We want you to try and conceptualize what we’re doing in this lesson as what you could call “Data Portability”. Backing up and restoring your site is very important, but we’re going to try and drive home the point that these things are possible because of the digital, infinitely replicable nature of data. You will backup, migrate, restore, break, restore, and other stuff to your site as a way of understanding that you can do whatever you want with the package of data that is your site.

Backing up WordPress

With each update of WordPress and its plugins, there are many bug fixes that benefit the running of your site, however, the more variables you have, you risk of running into incompatibilities between your site’s WordPress installation and your third-party plugins, making your site pop up with a nasty error message.

In addition, misplacing files, editing the wrong ones, messing with the databases incorrectly, or changing some settings in wp-admin could run your site into the ground, making it unusable for any visitors or yourself.

Breaking your site is just something that happens sometimes, so you need to learn how to back up your own site files and restore them so you never have to work from scratch. It is important to have your site up and running as fast as possible, because few new viewers ever return to a site that didn’t catch their attention the first time.

Your web host is another potential point of failure. By storing/hosting your website files on your web host, you are trusting them to keep your website files safe and secure. But everyone makes mistakes. Your web server can go down. You take a risk by having someone else handle your website files. We need to take matters into our own hands and ensure that we are prepared for any bad event.

What Needs To Be Backed Up?

There are two parts to backing up your WordPress site: Database (Content) and Files (Structure, Rules). You need to back up the entire site, and you need to back up your WordPress database to ensure the site can be fixed when an error occurs.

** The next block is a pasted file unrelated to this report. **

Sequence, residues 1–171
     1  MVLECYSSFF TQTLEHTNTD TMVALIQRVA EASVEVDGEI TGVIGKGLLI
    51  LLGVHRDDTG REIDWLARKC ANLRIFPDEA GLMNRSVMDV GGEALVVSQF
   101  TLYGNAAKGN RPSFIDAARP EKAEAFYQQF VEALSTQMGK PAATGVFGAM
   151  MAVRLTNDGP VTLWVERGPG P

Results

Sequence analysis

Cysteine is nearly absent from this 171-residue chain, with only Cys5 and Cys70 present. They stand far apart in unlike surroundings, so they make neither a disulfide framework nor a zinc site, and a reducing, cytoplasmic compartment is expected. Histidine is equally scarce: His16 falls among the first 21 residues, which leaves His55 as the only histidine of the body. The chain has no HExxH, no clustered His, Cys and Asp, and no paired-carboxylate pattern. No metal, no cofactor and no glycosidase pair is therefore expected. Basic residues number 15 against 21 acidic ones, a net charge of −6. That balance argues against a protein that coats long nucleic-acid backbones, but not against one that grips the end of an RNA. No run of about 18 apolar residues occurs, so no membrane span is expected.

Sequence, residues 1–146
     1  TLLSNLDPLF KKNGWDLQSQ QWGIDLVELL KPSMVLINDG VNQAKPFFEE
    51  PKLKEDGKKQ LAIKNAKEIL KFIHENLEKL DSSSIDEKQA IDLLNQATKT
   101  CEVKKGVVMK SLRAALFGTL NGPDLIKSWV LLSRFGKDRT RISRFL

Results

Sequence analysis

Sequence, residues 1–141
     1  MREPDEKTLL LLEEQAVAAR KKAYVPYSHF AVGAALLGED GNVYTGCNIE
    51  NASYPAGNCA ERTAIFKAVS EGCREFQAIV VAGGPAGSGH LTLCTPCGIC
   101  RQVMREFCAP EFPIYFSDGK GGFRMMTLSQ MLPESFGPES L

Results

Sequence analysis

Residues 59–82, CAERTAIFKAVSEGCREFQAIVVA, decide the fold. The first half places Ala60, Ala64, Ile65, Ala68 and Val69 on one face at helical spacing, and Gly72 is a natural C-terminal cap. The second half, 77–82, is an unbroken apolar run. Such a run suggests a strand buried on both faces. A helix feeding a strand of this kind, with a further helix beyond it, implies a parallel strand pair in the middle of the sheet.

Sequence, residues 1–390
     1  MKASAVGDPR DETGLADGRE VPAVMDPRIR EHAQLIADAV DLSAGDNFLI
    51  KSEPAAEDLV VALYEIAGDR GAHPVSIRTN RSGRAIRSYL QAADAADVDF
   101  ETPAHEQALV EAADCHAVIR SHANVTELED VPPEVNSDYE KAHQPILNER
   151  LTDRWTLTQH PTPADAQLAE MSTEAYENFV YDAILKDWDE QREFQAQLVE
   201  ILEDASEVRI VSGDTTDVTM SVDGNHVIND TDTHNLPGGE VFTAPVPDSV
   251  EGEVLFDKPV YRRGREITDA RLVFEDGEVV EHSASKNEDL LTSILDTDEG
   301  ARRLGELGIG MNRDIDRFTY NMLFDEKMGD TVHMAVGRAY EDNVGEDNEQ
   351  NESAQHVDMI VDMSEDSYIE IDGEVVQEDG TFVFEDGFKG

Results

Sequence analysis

Your WordPress site consists of the following

  1. The WordPress Core Installation
  2. WordPress Plugins (/wp-content/plugins/)
  3. WordPress Themes (/wp-content/themes/)
  4. Images and Files (/wp-content/uploads/)
  5. JavaScript and PHP scripts, and other code files
  6. Additional Files and Static Web Pages

As you already know from the first half of the class, all of these are used in various combinations to generate your website. The database contains your posts and a lot of data generated on your site, but it does not include the above elements that all come together to create the look and information on your site. These need to be saved.

Backing up Site Files

We have quite a few options when it comes to how we want to backup and restore our websites. This section will walk us through using the plugin that we recommend. In the toggles you will find alternate methods that are definitely worth checking out because they offer their own unique benefits.

Backup Plugin: UpdraftPlus

We’ve evaluated a lot of backup plugins, but we feel that Updraft Plus is a solid plugin. It is easy to use and has nice features. Go ahead and install and activate Updraft Plus.

By default, UpdraftPlus does complete backups, meaning it backs up your database, themes, plugins, and media uploads. Under Settings, you can change whether it backs up your plugins, themes, and uploads. We suggest to leave it how it is and back up these folders.

One downside to UpdraftPlus is that it does not backup a copy of the core WordPress files. The good news is: you can always redownload these from WordPress.org again (the same WordPress files you downloaded to install WordPress manually).

Scheduling

An important feature to note is that UpdraftPlus allows for scheduling. By default, it’s set to do backups of the database and files only manually. When determining how what kinds of backups you want to schedule, you need to consider a few things.

Frequency of Changing Content